This presentation will outline the do’s and don’ts of design when designing products for silicone injection molding. Learn why some design issues make a product unmanufacturable and a slight variation of the design can make all the difference. Product designers must understand how a part will be molded. Some design concessions might be needed to have a robust manufacturing process. Designers have to understand how tolerances must be used correctly to allow production to meet manufacturing goals.

    • Surface finishes
    • Dimensional tolerances
    • Geometry and shape issues
    • Parting lines and gates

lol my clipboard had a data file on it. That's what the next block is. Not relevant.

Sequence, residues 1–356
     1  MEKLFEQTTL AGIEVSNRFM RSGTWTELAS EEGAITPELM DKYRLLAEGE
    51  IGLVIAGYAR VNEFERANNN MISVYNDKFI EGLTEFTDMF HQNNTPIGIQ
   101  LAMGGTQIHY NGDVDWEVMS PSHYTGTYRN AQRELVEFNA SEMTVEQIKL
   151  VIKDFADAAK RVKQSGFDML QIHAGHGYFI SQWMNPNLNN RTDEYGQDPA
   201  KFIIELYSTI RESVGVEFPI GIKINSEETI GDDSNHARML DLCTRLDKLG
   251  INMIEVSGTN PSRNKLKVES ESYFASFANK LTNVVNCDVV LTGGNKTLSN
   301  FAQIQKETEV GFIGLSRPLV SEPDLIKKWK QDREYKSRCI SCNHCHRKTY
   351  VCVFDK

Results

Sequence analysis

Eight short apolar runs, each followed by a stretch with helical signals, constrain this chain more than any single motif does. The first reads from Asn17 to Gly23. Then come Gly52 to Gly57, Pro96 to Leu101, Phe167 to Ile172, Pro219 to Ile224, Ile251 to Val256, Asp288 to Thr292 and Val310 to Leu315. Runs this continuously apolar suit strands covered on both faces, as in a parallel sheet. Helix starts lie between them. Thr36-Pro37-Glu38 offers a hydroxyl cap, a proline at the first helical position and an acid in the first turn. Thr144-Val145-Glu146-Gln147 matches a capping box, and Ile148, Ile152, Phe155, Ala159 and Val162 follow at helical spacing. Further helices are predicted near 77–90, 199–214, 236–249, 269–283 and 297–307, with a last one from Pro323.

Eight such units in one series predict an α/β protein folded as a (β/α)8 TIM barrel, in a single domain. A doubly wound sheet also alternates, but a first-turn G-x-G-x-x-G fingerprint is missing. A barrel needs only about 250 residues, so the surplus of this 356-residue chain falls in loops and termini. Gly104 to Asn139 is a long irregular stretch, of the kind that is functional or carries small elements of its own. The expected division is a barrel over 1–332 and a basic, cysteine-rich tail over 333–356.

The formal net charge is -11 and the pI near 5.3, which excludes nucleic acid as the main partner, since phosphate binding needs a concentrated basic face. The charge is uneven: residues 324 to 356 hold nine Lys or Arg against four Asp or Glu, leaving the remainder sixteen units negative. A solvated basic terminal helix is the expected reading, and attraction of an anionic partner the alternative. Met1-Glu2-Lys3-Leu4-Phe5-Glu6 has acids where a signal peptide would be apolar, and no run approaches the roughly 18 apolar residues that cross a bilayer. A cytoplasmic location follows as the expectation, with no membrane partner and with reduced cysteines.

• Part removal from the mold
    • Inspection techniques
    • Over molding onto various substrates
  5. Dispherix: Aluminosilicate Ceramic Microspheres and Their Use as Performance Additives in Silicone

    Bill Black | Sales Engineer of Spherix Mineral Products

    This presentation will examine how an aluminoscilicate ceramic microsphere was engineered to be a performance additive for silicone elastomers - with a focus on how the additive was developed and how it enhances the properties of silicone elastomers.

  6. Closing Remarks

    Final thoughts and closing remarks from the 2018 Advisory Board.